When someone makes the claim that most of us are wrong about practically everything that counts, you’ve got to wonder what they’re referring to exactly and why. And that’s why I wanted to read this book.
This book basically talks about society’s many misperceptions about the world we live in and the issues we face by comparing them with actual figures, taken from various IPSOS surveys.
The various topics covered include health, sexual behaviour, political misdirection, and several topics pertinent to the time frame in which the book was published. The book was published in 2018 and is intended for a British audience. So much of what is covered are things that were particularly in public mind at the time, such as the on-going rise in immigration, the surprising rise of Donald Trump, and the Brexit vote.
I have to say I really learnt a lot from this book. It was dense with key takeaways.
Many of the revelations presented in the book didn’t surprise me. Here’s a summary:
- We have one for being overweight epidemic rather than an obesity one, and this is more serious than we realise
- We over-estimate the proportion of teenage pregnancies
- We generally assume there are more immigrants in their country than there actually are
- We generally tend to assuming crime rates are rising even when they are falling
- We overestimate the proportion of unemployed
But, what intrigued me the most about the content of the book was not so much the extent to which we misjudge various things, but the ways in which we can be deceived, and continue to remain deceived.
Here follows a mishmash of quotes I have put together from the book where I have slightly tweaked the wording:
“There exists within society a spectrum of false belief from ignorance to misperception.
We’re all subject to personal biases and external influences on our thinking that can distort our view of reality. We focus on negative information, have a susceptibility to stereotyping and we like to imitate the majority.
What’s more, our brains handle negative information differently and store it more readily and accessibly. Then there’s how we’re also social animals, and we tend to imitate the majority.
And what we think is the ‘social norm’ can have a profound effect on how we ourselves act, even when our understanding of that norm is hopelessly misguided.
What we get wrong is as much about how we think as what we’re told, and as Fraser Nelson once said ‘Amid’ is a word beloved by fake news websites, to conflate correlation and causation. UK crime is also up ‘amid’ spread of fidget spinners.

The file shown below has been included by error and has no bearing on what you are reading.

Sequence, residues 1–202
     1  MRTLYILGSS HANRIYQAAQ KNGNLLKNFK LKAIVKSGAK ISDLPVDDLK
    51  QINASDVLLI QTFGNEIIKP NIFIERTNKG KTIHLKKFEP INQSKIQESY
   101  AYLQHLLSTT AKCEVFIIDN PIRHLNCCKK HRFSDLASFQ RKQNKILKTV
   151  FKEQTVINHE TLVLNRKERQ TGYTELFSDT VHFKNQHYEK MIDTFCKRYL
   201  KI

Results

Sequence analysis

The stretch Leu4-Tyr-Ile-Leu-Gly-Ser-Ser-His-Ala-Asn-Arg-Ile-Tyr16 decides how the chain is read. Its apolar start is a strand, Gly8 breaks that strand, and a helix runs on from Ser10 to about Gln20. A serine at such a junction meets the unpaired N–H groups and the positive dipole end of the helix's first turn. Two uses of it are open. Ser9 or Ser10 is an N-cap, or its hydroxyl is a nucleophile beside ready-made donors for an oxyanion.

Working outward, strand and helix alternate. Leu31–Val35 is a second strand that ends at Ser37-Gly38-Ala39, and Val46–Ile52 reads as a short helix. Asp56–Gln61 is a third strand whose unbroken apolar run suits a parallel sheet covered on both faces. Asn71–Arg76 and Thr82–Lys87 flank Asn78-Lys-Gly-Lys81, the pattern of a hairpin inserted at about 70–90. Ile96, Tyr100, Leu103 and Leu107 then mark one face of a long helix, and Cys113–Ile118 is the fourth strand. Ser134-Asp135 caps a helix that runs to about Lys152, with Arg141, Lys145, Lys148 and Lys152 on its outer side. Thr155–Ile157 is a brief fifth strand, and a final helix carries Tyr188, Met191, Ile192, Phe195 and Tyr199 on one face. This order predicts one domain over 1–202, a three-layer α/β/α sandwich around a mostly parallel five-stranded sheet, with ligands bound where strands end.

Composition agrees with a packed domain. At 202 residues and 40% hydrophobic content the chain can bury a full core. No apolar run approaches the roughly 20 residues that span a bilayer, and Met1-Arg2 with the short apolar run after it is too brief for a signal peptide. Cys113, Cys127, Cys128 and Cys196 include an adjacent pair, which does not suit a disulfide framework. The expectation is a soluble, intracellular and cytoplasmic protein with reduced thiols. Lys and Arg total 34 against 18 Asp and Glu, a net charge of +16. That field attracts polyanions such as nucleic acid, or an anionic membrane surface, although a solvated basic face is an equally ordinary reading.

The predictable isn’t newsworthy, so we get the media we deserve and, to some extent, crave.
People rank tornadoes (which kill dozens of Americans a year) as more dangerous than asthma (which kills thousands), presumably because tornadoes make for better television.’
Then when our view of what’s real is being shaped by algorithmic programs and our own selection of social media individuals and groups to follow, our filter bubble becomes something of an ‘echo chamber’ and we only hear ourselves and what we want to hear, while the consistency of what we see, determines what we believe.
Stephen Colbert is quoted as saying ‘Facts matter not at all. Perception is everything. It’s certainty…What is important? What you want to be true, or what is true?’
But, What Can We Do?
Unfortunately, there is no magic formula to deal with our misperceptions: they are so widespread and long-standing because they are often built into how we think. But there are real practical things we can do..
We respond more to emotion than facts. But fact-checking is important. We can learn to accept the emotion, but challenge the thought.
We don’t need to give up on facts in order to admit that emotions are important. We should cultivate scepticism for sure, but not necessarily cynicism.
A better understanding of our foibles doesn’t mean we’re slaves to them. We can learn a lot by understanding why we’re so often so wrong.”
Over 30% of the tome is dedicated to acknowledgements, references and an index, and as such it has the sort of evidenced-based backing that you’d expect from an academic work.
But it’s most definitely written for the layman. For example, the author pens his introduction by talking about how he hated psychology class, and how it’s ironic that he ended up studying our misperceptions about the world.
Occasionally there are less familiar terms thrown in there, but this jargon is always fully spelled out.
The book introduced me to many interesting new terms and concepts, such as emotional innumeracy, social desirability bias, cognitive dissonance, directionally motivated reasoning, pluralistic ignorance, illusory truth effect, fluency heuristic, false consensus effect, rational ignorance, illusory superiority bias and more.
I would argue that this book is an important one for anyone who wants to examine the causes of misperceptions, so that they can learn from them accordingly, and instil the importance of fact checking before reacting negatively to what they see and hear.
Book Review from Cari Mayhew